Those are all really smart tools that make life much easier for an author. There are many other things that I use in my work on author platform and marketing. Too many to name, and I'm experimenting all the time. Perhaps I'll eventually work out a system I'm happy with that doesn't require constant tweaking but it's early days yet.
Are you a plotter or do you write by the seat of your pants?
Definitely a plotter, though sometimes the story will take a detour, or a scene will unfold that I didn't plan or expect. There's always room for the inspiration of the moment as the first draft is being written. Sometimes I know what needs to happen, but not how, and that unfolds one sentence at a time. But I always know where I'm going.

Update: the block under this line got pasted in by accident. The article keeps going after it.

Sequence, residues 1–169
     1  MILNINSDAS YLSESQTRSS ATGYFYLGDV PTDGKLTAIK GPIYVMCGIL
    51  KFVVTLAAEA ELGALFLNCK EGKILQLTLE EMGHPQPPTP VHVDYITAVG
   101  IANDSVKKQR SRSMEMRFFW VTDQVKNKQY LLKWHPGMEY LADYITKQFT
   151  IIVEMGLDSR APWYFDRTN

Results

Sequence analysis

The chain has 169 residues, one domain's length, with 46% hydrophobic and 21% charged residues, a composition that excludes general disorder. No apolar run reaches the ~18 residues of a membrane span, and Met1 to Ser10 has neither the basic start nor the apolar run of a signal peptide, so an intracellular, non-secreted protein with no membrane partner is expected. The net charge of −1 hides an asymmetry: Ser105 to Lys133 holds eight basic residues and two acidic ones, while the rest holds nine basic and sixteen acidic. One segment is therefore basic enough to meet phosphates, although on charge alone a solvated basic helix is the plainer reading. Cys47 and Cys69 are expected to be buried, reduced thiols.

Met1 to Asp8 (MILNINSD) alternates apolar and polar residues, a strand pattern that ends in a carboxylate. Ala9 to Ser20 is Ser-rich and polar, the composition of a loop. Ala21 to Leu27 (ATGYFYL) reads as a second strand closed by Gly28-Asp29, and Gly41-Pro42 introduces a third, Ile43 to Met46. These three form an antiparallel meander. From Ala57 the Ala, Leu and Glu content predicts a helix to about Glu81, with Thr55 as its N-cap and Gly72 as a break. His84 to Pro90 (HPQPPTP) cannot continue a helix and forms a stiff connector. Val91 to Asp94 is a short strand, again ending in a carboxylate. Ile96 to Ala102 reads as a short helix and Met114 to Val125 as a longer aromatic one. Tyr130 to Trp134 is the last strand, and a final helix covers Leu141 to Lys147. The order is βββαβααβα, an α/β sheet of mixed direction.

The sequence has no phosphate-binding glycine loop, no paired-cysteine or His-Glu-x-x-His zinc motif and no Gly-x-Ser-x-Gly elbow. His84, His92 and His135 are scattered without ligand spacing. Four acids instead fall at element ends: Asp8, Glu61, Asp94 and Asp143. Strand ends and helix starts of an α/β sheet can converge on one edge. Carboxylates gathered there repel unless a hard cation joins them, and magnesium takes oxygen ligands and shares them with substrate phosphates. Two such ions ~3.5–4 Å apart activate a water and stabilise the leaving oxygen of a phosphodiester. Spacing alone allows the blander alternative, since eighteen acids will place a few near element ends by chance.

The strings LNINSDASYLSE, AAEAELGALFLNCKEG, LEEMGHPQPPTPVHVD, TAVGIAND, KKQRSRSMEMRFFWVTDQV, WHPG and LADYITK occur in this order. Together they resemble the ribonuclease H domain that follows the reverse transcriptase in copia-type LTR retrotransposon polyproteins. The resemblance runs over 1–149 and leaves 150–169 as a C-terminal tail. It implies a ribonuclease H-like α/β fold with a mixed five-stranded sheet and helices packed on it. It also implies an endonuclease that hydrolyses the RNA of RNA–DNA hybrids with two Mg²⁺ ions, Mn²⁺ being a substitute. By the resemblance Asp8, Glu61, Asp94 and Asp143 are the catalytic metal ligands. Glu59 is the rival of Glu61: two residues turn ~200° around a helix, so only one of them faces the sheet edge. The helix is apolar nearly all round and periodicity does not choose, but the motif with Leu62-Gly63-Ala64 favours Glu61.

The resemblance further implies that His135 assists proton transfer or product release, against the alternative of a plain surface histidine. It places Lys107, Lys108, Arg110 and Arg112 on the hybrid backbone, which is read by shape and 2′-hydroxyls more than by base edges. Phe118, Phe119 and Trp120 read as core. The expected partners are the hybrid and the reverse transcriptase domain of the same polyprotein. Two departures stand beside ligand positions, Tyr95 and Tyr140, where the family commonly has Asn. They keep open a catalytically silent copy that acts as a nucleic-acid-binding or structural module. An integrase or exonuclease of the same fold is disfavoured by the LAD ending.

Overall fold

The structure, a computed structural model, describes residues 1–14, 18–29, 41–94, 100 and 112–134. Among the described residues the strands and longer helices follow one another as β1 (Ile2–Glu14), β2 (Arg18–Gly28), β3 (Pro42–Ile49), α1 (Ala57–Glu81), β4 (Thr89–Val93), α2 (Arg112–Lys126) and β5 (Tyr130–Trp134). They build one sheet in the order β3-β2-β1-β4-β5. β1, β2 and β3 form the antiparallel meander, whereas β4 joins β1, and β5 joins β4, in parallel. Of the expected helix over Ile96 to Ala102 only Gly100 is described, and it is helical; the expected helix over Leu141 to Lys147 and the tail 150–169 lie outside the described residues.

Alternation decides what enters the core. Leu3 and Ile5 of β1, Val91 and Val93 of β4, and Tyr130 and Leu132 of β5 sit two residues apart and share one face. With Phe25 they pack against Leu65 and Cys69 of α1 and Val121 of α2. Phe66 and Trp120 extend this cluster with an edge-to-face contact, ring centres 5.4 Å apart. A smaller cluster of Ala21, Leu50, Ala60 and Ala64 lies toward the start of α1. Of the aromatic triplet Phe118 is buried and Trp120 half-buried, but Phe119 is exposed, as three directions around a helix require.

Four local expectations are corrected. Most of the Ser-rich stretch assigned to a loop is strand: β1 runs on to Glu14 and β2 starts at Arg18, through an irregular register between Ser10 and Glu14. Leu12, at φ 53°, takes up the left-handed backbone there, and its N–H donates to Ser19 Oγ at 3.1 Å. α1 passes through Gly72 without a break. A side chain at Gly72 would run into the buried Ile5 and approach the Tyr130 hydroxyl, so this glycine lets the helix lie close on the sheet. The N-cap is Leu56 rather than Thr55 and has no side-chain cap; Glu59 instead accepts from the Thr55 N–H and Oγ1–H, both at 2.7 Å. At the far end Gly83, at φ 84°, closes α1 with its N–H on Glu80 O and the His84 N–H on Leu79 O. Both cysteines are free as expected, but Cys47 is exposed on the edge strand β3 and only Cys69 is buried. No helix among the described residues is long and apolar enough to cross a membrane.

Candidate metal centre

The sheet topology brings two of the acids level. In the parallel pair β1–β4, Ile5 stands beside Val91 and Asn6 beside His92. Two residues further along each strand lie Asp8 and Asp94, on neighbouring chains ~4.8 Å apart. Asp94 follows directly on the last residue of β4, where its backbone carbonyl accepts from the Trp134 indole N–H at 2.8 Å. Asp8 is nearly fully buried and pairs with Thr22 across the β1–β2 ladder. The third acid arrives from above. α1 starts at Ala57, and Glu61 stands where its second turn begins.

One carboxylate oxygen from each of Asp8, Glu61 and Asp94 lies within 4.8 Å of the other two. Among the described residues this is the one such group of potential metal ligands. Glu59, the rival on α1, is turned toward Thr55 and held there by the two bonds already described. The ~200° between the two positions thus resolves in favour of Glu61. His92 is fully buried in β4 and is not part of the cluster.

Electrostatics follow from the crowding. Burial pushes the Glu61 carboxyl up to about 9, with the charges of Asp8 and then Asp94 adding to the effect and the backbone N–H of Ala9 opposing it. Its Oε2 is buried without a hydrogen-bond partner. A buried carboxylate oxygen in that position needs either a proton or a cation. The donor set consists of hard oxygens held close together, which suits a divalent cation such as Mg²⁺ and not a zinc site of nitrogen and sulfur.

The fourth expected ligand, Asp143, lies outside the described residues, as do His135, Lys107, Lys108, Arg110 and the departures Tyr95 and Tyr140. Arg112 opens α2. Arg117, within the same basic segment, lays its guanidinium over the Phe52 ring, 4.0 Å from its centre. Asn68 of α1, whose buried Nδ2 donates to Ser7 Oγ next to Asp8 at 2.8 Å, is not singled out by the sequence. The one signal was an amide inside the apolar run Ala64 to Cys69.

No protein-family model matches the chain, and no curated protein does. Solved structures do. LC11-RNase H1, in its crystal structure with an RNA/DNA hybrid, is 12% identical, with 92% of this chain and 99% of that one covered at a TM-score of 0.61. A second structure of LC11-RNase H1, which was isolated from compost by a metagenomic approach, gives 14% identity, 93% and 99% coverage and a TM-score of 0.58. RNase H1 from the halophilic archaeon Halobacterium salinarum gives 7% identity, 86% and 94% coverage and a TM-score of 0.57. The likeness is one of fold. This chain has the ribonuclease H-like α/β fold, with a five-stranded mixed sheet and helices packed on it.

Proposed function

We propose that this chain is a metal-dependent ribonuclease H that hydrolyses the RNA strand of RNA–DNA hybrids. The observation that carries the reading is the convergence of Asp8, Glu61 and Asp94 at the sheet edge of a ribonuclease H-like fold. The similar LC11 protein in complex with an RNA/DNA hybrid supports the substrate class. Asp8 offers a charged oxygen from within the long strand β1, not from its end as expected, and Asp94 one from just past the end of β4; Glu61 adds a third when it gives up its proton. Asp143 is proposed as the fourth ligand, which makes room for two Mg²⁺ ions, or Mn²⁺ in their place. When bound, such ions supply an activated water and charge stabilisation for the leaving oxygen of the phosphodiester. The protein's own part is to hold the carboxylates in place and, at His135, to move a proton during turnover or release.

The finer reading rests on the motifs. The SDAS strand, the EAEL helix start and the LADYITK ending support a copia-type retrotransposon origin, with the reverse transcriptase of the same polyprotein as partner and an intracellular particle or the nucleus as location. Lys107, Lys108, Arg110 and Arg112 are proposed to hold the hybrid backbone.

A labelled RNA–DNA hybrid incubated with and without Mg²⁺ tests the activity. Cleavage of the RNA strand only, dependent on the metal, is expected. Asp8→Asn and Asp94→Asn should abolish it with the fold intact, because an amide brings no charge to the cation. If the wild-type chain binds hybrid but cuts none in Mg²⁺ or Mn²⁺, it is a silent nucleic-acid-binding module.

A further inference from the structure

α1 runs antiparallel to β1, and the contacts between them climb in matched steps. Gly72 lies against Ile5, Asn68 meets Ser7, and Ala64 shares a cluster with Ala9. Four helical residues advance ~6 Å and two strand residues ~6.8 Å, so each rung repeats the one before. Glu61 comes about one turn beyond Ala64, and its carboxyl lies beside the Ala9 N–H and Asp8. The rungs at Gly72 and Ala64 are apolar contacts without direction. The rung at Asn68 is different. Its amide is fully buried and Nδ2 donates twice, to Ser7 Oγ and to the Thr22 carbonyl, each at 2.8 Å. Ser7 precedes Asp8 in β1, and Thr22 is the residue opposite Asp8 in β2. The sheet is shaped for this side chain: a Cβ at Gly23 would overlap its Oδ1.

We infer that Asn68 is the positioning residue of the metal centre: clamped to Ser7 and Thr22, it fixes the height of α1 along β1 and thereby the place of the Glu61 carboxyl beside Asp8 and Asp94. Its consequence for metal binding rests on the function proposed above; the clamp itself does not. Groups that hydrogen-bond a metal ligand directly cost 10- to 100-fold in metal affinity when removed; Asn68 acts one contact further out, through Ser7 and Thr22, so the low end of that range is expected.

What is your favourite part of the craft, and why?
It's as much plotting as it is character development. I love plotting the interconnected arcs, structuring the stories. That's what story is about for me.
How do you know when a story is working well?
My excitement level. And maybe to the degree my characters chatter in my head and run away with the story. And also the weird little epiphanies I have while writing, unplanned but welcome connections and insights that add complexity, depth and elegance to my writing. It says to me that I've tapped into something larger than myself.
Do you have any tips for revision?